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Changes to Social-Club Sanctions Possible

1.25.17

Rakesh Khurana

Courtesy of Harvard Public Affairs & Communications


Rakesh Khurana

Courtesy of Harvard Public Affairs & Communications

Dean of the College Rakesh Khurana announced today that the existing policy on unrecognized single-gender undergraduate social organizations could be changed or revised by a faculty committee. That policy, set to take effect with the incoming class of freshmen this fall, prevents student members of such organizations from holding leadership positions in recognized undergraduate organizations, and precludes their eligibility for Rhodes, Marshall, and other scholarships that require College endorsement. When it was announced last spring, the policy swiftly drew criticism from faculty and students alike, though for different reasons.

Khurana said he has recommended to Faculty of Arts and Sciences dean Michael D. Smith the establishment of a faculty committee to consider whether the College’s policy on single-gender undergraduate organizations could be improved, “either by changing aspects of its existing structure, or through some broader revision.” The committee, which will be composed of faculty and House deans, members of the educational policy committee and the administrative board, faculty members, students, and staff, will conclude its work by the end of this academic year and present its recommendations in the fall, with time for broader faculty input before those are forwarded to President Drew Faust for approval. In the meantime, Khurana said, the current policy remains in effect.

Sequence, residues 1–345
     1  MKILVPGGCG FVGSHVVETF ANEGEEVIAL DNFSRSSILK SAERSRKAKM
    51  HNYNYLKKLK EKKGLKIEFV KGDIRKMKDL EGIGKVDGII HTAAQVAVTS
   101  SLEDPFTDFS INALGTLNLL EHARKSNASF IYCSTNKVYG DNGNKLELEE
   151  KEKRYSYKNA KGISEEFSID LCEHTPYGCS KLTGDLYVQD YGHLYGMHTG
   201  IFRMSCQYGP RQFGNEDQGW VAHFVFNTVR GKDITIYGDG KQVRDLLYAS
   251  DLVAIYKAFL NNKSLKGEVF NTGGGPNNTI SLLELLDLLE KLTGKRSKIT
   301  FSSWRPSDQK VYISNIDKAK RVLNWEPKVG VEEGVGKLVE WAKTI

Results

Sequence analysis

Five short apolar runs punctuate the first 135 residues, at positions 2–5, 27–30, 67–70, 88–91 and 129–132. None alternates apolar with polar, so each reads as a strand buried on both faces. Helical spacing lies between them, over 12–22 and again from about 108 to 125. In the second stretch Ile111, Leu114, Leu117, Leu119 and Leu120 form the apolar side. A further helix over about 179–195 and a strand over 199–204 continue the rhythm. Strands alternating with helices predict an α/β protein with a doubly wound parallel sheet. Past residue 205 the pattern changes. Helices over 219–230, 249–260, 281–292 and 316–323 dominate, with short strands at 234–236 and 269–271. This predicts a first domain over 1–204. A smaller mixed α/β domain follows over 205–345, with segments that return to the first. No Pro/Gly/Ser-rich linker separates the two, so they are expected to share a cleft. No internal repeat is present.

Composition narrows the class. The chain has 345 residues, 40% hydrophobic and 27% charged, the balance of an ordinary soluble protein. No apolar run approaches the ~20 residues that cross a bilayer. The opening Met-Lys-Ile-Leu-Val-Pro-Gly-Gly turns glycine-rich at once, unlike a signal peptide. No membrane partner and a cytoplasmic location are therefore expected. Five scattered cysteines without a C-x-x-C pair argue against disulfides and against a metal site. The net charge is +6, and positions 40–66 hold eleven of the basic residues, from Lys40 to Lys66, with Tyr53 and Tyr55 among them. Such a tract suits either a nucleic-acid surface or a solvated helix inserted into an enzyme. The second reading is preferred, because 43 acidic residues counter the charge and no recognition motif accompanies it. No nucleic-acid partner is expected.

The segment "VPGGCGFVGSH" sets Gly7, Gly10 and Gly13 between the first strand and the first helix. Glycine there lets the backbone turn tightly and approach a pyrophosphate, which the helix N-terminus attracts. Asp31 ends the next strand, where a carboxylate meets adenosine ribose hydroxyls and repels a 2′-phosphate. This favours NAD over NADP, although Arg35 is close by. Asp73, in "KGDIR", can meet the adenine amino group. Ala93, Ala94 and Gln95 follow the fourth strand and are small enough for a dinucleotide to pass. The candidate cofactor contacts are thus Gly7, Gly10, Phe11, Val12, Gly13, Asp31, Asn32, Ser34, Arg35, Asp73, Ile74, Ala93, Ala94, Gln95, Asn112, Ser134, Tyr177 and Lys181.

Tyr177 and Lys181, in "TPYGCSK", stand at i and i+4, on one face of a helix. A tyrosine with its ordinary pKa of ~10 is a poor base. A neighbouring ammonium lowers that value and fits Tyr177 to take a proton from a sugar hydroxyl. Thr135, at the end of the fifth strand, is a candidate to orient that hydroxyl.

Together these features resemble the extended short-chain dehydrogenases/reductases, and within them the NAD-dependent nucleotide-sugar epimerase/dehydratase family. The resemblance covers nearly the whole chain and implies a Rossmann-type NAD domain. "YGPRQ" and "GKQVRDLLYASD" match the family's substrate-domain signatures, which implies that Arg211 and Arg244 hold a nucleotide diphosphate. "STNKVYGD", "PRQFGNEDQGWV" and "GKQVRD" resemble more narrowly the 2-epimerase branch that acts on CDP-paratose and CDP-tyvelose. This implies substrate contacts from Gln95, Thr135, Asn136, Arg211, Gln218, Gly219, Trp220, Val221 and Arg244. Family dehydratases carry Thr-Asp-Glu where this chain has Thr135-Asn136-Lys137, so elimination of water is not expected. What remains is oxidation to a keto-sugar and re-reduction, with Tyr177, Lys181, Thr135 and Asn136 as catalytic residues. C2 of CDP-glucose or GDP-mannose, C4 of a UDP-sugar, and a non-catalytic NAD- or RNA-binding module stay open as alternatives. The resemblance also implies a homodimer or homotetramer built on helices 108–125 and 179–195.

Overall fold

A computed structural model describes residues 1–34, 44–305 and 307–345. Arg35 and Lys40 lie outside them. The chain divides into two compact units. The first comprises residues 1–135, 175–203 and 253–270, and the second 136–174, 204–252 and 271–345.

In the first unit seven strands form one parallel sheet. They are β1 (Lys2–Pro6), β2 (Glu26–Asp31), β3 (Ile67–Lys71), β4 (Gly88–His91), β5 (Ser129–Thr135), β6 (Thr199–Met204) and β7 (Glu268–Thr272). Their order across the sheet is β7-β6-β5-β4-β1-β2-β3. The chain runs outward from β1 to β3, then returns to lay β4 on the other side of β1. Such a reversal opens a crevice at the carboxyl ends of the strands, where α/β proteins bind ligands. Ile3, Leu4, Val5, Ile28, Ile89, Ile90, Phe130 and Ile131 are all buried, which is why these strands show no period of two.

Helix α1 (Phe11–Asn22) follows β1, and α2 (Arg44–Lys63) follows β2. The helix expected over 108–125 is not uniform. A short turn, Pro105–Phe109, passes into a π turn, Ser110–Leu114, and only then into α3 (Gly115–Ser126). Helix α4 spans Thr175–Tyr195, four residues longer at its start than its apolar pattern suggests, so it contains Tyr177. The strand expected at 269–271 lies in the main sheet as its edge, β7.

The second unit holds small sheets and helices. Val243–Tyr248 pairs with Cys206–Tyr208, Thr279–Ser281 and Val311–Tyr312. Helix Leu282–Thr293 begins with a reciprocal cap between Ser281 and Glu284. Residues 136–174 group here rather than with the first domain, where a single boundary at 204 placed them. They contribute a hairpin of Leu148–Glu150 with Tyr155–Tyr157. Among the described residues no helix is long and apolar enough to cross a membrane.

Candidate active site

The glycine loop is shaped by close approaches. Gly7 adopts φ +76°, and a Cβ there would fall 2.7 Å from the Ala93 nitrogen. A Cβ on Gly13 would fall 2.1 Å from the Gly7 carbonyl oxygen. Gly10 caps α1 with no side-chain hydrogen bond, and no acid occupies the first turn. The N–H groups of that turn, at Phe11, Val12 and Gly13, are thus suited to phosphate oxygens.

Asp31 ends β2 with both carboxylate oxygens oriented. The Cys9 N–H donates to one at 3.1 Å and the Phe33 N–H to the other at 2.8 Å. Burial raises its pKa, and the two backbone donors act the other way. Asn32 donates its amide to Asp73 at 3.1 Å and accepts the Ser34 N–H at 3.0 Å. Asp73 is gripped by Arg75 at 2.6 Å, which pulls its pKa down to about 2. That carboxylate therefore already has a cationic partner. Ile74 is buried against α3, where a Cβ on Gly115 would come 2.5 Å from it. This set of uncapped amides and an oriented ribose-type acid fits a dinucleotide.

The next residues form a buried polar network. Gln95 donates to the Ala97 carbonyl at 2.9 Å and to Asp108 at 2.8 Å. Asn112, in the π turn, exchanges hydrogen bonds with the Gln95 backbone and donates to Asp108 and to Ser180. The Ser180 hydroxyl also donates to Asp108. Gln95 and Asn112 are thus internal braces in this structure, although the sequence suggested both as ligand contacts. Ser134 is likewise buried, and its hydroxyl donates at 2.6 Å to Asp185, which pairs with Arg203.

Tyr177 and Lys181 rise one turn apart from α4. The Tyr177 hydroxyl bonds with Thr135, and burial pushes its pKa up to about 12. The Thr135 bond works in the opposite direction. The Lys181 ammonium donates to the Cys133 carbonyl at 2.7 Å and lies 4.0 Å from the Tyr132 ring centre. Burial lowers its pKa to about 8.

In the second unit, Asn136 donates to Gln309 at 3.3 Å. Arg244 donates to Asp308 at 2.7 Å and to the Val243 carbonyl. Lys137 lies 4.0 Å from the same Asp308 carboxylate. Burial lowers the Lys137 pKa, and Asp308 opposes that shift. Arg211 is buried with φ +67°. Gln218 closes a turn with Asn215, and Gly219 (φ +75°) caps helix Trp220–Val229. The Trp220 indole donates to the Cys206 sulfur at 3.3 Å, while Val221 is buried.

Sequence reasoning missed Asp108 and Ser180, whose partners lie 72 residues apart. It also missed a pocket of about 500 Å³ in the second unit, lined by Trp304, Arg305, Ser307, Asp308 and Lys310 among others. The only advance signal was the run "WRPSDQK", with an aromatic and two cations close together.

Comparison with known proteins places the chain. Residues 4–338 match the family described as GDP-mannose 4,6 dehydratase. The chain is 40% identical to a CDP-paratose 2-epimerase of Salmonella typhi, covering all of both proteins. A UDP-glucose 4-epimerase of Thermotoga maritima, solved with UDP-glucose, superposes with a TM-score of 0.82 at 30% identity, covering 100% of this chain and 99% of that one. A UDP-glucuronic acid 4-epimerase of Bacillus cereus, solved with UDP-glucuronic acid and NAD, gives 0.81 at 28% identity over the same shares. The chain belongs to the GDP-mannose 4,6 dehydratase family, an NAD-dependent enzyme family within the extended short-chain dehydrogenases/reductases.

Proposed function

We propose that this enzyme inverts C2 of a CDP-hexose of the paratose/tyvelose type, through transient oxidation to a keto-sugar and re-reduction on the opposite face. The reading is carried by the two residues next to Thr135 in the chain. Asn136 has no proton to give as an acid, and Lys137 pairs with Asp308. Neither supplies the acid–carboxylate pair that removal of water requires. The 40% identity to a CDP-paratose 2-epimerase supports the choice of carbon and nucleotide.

In a letter to the community, Khurana explained that the committee, in forming its recommendations, will “review data that have been compiled by the College and the University over the past three decades, including Visiting Committee and Overseers reports, survey data, and findings from other colleges and universities, as well as data collected by the University Task Force on Sexual Assault. The committee will also consult with members of faculty-student committees…on issues related to student social life and belonging and inclusion. It will also welcome input from faculty members.”

Discussions of the original sanctions policy, which was announced without prior vote of the faculty, have consumed the better part of the November and December faculty meetings. Khurana’s announcement may defuse tensions over the issue, and allow the faculty to take up other business.

An analysis of the core of the faculty objections to the policy—which range from the procedural, to the practical, to the philosophical—appeared on this site in December. 

 

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